For almost 2 years, I’ve been publishing posts with political art on this blog and Facebook. Judging from the comments that come in, the response has been overwhelmingly positive, but every once in a while someone writes to express their dismay at this new direction. I recently received a message on Facebook that said it’s a shame I couldn’t have created something uniting instead of divisive. I replied, “I understand your longing for unifying art and wonder, what would that look like? That is the challenge we all face, while also telling the story of our time.” This interchange got me thinking about the role of art throughout history. Do artists exist to make the world a more beautiful, harmonious place or do they have a responsibility to reflect the real world we live in, warts and all? I think it’s possible to do both. Years ago, the late writer, activist, feminist and educator Toni Cade Bambara said “The role of the artist is to make the revolution irresistible” and her words sound even truer today.

That’s where something I call sweet resistance art comes in. The concept isn’t limited to professional artists – anyone can stand up for what they believe is right and create art that expresses their point of view. As my favorite protest sign says, “Things have gotten so bad, even the introverts are coming out.” The power in the sweet resistance variety of protest art comes from the juxtaposition of a bold message wrapped in an appealing package. The combination can surprise and disturb some who aren’t expecting it, especially those who look to art as an escape from real life, but others find it refreshing and relevant.

Downloadable image from Mary Englebreit

I can understand the desire to tune out the world and believe, if even for a short time, that everything is OK and nice. We all need a refuge from the onslaught of news stories about strife in the world. But does that mean it’s all right to ignore the reality of what is unfolding around us? Of course, people have different ways of dealing with stress and have to figure out what works for them. Years ago, I came across a quote from T.S. Eliot, who said, “Humankind cannot bear very much reality.” At the time, I thought it was spot-on, but now I think it could be used as an excuse to stay passive, silent and shut off. I suppose the goal is to achieve a balance, so that we can be aware and engaged with what’s going on around us, while also retaining an inner peace and resilience, so we are prepared to help others. Isn’t that the universal spiritual struggle of humankind?

Downloadable image from Phoebe Wahl

So, how can artists or anyone else for that matter, maintain a balance and embrace the concepts of sweet resistance successfully?  To some, the idea may seem incongruous, but artists Mary Engelbreit and Phoebe Wahl prove otherwise, as they’ve managed to effectively interject protest messages into their adorable and comforting body of work. In doing so, they risk a backlash from their followers and must consider how resilient they are, both financially and emotionally. Championing causes they believe in may be too much for some of their fans, but it has also energized many to love and respect them even more.

Poster by Mary Engelbreit

Coming from different generations and with their own unique styles, Mary and Phoebe demonstrate how attractive political art can be an effective critiquing tool. They are both in business for themselves, strongly identify as artists with their own vision and are very much in control of the namesake images they project. They have taught me that speaking out through art and sharing who you really are can reveal an authenticity that is hard to ignore.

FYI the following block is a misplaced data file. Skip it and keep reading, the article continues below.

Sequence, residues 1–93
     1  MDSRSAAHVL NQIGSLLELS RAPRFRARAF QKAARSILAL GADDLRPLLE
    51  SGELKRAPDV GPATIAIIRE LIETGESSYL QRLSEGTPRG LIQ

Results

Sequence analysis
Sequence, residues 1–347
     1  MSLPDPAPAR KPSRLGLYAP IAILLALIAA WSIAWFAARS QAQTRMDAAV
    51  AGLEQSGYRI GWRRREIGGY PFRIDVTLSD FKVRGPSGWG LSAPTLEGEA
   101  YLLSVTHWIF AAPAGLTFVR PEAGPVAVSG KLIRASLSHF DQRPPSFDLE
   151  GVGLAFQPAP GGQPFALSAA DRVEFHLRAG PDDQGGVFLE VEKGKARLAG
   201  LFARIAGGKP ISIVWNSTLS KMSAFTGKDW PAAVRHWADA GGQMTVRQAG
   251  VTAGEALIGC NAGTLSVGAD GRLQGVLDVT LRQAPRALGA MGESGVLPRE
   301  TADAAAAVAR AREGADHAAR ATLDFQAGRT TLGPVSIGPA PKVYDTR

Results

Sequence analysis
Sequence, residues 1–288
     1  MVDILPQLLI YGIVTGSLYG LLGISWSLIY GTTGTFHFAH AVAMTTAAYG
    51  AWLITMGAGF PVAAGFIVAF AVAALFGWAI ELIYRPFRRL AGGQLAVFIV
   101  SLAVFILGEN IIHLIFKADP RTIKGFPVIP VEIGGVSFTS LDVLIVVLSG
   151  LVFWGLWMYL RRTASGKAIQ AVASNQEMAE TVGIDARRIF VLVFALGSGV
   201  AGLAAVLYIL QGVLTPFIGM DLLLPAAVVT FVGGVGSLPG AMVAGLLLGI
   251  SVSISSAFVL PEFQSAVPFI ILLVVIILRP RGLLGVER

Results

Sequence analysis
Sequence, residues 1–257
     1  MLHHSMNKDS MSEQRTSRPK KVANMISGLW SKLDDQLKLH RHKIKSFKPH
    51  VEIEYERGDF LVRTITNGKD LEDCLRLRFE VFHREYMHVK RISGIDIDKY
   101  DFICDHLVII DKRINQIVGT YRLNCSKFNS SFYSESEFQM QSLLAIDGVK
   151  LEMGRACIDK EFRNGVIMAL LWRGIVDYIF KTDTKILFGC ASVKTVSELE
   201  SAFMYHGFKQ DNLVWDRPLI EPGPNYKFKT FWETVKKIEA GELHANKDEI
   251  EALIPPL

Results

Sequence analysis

Warrior Woman Pin by Phoebe Wahl

Mary and Phoebe’s courage inspired me to jump into the fray and produce political satire with the Wee Folk Players (they’re a stitch) and we have bonded through the shared experience. What is so remarkable is that these women have built careers with art that depicts domestic bliss and an idyllic existence, attracting a large number of devoted fans. Not only are they talented on many fronts, they use their gifts to bring messages of hope and concern for the future. They are cognizant of what others like and want to see, while occasionally and consistently being willing to say what they think about current issues on social media, knowing full well that some of their followers will object. That’s a brave step, considering that they make art that is very hard not to like. The obvious questions are how and why do they keep sticking their necks out, in the face of condemnation for the positions they take and cries of displeasure at letting the real world sneak into their realm of fantasy?  I find this question fascinating and have been thinking about the subject a lot since the 2016 election.

Mary Engelbreit

Mary Engelbreit and I were first acquainted about 20 years ago, when my work was featured in her Home Companion magazine. Her wildly popular ME brand is known for its words of wisdom, paired along with endearing, spunky characters and designs, all lovingly rendered in detail with paint and colored pencil. She is famous for creating a “vast empire of cuteness” offering lines of cards, calendars, mugs, t-shirts and other products for decades. Despite what some may imagine, Mary is no shrinking violet. She is a force to be reckoned with and doesn’t shy away from giving her opinion, as she peppers her Instagram page with pithy news quotes and calls for action. In her shop, Mary offers free downloads of her protest signs and posters and donates the proceeds from her more politically pointed prints to the ACLU.

Phoebe Wahl

Straight out of the gate, Phoebe Wahl showed who she is and what she believes in. We met when she visited my studio in 2011, while still a student at the Rhode Island School of Design. I could tell right away that she had something special to share with the world and wrote this blog post. Since graduation, she’s been incredibly busy, illustrating children’s books and magazines, and designing and selling many products in her signature style. Her drawings, paintings and collages mix comfort, nostalgia and intimacy in a fresh and beguiling way. She’s also a forward thinking feminist who stands up for social justice issues that are important to her and routinely donates profits from some of her products to the ACLU. Free downloads of her protest signs are available here. I’m sure that she hears from some who prefer her fairies to her woman warriors, but she just keeps making her beautiful, engaging art that you can’t keep your eyes off of.

I am grateful to Mary and Phoebe, who’ve given permission to write about and publish their images here.

To keep up with new posts, please subscribe to this blog (top right column on the home page). Your contact info will not be sold or shared. If you’d like to see more frequent photos tracking the projects in my studio, please follow me on Facebook and/or Instagram